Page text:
After more than 25 years of volunteer work to improve mental health in Cambodia, Captain Milê Glamcevski received a knighthood. 

He was bestowed the Royal Order of Sahametrei (Grand Cross), a chivalric order, for rendering distinguished services to the Cambodian King and people. 

Captain Glamcevski said it will probably be the highest award he would ever receive.

“It may be an individual award but it wouldn’t have happened without a group effort,” Captain Glamcevski said.

As a fresh university graduate 30 years ago, Captain Glamcevski took up a job lecturing at Cambodia University.

In 1996, the university still had no computers, so Latrobe and Monash University donated a couple and Captain Glamcevski collected them.

“When I got to Melbourne airport to depart, I was informed my luggage was over the limit,” he said.

“I threw out all my personal gear and arrived in Cambodia with just the clothes on my back and the computers.”

Captain Glamcevski now divides his time between Cambodia and Australia where he works as Operations Officer for 2nd Force Support Battalion’s 6th Logistics Support Company and as the Victoria and Western Australian general manager for onPsych.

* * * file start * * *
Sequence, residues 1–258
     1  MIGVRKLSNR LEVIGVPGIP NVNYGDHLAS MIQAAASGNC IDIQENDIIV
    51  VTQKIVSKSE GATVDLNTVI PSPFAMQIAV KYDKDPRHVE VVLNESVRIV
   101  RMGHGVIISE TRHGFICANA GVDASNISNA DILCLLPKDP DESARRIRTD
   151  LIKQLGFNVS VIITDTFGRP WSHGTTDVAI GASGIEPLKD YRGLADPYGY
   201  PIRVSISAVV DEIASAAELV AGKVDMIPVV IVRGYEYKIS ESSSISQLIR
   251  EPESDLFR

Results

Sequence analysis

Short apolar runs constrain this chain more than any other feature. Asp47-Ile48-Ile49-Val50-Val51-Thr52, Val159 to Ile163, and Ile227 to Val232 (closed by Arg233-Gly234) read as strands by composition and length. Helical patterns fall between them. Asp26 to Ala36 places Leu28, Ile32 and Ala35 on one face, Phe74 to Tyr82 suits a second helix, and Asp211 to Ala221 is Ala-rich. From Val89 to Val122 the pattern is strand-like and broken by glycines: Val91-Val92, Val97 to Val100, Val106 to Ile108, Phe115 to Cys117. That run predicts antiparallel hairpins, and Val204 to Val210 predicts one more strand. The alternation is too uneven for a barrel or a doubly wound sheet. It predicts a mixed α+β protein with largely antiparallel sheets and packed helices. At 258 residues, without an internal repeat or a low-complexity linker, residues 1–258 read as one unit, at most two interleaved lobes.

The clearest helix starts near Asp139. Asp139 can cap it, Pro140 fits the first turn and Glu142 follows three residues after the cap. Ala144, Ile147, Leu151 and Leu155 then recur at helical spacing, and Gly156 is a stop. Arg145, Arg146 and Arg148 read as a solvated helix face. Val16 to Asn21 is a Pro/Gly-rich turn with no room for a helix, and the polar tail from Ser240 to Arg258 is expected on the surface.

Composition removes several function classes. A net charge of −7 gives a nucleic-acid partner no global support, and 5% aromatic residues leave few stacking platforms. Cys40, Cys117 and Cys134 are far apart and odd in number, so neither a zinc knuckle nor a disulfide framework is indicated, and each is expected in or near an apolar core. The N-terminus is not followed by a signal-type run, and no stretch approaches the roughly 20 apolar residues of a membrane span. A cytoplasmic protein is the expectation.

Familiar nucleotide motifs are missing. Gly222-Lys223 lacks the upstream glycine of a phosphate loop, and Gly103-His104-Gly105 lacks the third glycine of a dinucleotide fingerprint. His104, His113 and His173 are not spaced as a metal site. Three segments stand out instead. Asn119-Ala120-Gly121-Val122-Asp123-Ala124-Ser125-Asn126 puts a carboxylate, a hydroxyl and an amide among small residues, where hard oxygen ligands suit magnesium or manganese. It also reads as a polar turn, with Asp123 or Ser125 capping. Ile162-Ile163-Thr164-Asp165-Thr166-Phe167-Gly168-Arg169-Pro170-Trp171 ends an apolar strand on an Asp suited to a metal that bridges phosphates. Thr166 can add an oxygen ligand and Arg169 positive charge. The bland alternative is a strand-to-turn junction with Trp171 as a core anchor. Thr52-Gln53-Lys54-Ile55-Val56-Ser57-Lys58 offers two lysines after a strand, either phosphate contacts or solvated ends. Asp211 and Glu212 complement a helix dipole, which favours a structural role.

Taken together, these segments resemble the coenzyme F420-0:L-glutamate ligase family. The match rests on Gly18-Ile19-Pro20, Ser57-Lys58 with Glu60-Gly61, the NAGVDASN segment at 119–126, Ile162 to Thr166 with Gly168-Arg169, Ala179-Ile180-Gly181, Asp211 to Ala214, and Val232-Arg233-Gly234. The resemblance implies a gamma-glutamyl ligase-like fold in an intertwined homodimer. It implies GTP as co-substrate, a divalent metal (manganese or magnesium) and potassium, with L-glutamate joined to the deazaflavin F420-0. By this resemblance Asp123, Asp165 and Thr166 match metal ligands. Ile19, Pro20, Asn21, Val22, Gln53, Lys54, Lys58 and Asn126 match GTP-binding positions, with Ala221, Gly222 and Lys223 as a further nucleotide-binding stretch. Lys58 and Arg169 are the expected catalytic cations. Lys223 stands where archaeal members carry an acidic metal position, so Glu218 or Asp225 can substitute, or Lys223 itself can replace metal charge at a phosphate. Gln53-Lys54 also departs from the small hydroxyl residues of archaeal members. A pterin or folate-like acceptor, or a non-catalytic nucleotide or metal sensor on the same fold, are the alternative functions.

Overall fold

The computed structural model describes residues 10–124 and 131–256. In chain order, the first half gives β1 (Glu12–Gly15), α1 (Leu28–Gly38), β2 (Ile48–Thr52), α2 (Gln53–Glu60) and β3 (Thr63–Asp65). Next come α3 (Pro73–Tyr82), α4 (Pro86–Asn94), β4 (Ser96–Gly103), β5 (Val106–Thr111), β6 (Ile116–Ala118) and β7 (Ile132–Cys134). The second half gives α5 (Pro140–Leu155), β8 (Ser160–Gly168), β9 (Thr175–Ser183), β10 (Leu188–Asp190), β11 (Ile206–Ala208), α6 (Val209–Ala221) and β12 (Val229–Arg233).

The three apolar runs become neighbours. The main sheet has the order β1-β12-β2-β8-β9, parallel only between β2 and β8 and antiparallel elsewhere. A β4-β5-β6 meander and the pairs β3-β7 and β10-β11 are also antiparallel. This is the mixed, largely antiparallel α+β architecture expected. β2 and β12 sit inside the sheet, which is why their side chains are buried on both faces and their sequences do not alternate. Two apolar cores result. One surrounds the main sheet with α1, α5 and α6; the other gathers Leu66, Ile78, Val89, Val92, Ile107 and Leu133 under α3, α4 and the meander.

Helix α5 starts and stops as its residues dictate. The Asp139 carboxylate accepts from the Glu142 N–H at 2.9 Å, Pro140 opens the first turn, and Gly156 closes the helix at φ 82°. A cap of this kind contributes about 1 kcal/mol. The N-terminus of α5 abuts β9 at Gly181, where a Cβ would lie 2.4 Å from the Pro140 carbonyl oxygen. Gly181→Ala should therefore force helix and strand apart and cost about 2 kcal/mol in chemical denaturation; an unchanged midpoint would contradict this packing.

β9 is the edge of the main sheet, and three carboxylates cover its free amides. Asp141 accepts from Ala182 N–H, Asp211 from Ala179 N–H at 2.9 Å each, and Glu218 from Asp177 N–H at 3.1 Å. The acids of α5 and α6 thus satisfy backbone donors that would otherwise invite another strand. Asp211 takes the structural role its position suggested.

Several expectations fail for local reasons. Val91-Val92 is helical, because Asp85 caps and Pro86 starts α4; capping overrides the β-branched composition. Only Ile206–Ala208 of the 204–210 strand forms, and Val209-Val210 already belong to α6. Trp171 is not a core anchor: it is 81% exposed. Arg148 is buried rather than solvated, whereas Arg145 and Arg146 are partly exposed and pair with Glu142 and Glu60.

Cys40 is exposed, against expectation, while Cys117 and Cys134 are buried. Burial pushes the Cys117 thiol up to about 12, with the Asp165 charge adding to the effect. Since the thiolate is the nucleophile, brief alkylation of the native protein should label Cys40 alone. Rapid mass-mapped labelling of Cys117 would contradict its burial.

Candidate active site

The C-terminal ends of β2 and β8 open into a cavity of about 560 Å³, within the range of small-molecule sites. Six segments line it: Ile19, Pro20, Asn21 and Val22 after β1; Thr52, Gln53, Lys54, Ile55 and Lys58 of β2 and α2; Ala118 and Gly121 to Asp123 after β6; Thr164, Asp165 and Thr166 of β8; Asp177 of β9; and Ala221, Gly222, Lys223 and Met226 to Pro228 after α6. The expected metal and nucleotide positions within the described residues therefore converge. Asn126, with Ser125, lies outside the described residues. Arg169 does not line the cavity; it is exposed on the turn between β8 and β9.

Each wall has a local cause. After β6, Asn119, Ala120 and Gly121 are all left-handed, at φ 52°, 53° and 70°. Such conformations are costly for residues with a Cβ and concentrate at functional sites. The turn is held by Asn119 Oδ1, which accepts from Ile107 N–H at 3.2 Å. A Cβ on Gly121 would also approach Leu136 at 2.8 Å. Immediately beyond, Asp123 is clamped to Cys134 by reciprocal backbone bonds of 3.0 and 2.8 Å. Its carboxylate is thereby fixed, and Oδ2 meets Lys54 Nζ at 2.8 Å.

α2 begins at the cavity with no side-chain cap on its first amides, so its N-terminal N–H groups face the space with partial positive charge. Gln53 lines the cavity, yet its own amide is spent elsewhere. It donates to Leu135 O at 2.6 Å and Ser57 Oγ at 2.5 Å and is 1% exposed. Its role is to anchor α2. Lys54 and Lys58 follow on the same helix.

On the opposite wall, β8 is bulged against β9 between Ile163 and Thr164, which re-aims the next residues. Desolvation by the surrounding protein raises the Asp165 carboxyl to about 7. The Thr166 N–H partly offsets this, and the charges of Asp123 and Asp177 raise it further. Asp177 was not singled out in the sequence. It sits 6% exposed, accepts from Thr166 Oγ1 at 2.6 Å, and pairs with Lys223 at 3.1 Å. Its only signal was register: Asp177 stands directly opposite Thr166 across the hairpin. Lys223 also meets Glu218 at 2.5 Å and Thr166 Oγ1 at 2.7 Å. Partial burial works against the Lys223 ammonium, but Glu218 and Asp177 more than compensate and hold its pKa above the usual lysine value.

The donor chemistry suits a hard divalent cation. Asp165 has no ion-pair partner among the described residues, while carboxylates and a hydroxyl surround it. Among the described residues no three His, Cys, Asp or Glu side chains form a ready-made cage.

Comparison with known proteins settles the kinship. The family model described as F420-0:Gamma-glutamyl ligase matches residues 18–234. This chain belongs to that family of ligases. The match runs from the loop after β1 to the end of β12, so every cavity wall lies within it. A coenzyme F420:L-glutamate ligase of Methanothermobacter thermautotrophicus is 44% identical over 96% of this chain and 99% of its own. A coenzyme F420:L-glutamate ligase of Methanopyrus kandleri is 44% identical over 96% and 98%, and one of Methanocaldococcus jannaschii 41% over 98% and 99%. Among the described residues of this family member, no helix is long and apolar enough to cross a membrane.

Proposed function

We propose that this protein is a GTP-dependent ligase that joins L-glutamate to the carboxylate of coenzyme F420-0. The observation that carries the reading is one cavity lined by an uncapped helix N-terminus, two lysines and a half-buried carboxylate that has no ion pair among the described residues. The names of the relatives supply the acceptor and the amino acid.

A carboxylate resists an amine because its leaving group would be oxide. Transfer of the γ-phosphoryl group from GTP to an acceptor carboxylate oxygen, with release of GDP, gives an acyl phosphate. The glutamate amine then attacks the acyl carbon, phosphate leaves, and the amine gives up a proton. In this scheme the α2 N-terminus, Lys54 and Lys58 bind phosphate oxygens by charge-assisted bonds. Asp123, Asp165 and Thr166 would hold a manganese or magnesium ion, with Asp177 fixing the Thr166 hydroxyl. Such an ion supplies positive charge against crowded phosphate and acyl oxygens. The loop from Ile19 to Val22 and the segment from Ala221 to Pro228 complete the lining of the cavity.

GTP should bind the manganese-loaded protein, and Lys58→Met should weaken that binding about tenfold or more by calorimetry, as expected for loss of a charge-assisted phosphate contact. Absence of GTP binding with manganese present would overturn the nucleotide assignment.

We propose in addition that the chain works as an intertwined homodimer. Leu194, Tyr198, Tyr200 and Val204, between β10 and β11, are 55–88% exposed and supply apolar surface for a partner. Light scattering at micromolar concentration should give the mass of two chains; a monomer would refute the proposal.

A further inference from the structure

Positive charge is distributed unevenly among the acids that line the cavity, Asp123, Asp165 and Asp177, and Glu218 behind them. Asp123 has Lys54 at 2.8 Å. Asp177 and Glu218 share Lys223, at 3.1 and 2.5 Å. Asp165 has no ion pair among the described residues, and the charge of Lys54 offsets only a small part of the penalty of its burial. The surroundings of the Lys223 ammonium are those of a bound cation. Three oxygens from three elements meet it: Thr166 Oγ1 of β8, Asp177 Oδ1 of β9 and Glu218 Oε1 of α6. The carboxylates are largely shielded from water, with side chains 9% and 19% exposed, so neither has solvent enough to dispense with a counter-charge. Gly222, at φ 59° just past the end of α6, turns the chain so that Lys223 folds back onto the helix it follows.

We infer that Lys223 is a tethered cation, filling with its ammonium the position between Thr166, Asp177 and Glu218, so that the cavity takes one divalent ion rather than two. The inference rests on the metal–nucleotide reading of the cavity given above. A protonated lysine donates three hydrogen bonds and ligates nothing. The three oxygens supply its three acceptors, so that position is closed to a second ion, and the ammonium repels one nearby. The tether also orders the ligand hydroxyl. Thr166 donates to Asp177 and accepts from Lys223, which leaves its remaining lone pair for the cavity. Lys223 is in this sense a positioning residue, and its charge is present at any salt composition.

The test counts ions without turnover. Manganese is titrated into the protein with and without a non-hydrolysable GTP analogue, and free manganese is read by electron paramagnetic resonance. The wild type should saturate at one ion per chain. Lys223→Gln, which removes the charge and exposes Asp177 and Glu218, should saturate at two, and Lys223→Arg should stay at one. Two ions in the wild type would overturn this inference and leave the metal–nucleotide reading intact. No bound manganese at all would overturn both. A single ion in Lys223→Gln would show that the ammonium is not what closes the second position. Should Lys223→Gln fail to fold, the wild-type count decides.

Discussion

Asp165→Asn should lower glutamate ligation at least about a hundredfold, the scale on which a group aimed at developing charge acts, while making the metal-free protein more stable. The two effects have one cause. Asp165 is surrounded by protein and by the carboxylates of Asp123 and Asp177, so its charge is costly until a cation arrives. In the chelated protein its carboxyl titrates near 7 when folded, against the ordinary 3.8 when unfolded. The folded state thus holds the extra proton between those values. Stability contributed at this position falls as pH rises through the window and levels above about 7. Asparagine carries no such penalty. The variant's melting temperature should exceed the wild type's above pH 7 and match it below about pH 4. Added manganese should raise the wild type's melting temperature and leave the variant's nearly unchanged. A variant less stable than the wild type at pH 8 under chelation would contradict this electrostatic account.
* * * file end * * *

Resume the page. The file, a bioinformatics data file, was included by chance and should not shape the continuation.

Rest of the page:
Since becoming a reservist 10 years ago, Captain Glamcevski said Army also supported his other commitments.

“I have been in operations officer positions where the units restructured my role to allow me to be effective to them and my civilian duties,” he said.

“One unit gave me an operations sergeant to complete the day-to-day tasks, as I needed to be overseas two weeks each month.

“I would fly in Tuesday morning, work at the unit till Sunday, completing reserve weekend tasks, and then depart overseas again.”

Captain Glamcevski has post-graduate qualifications in mental health, medicine and education, and has provided mental-health support to schools in Australia, Malaysia, Turkey, Cambodia, Nauru and East Timor.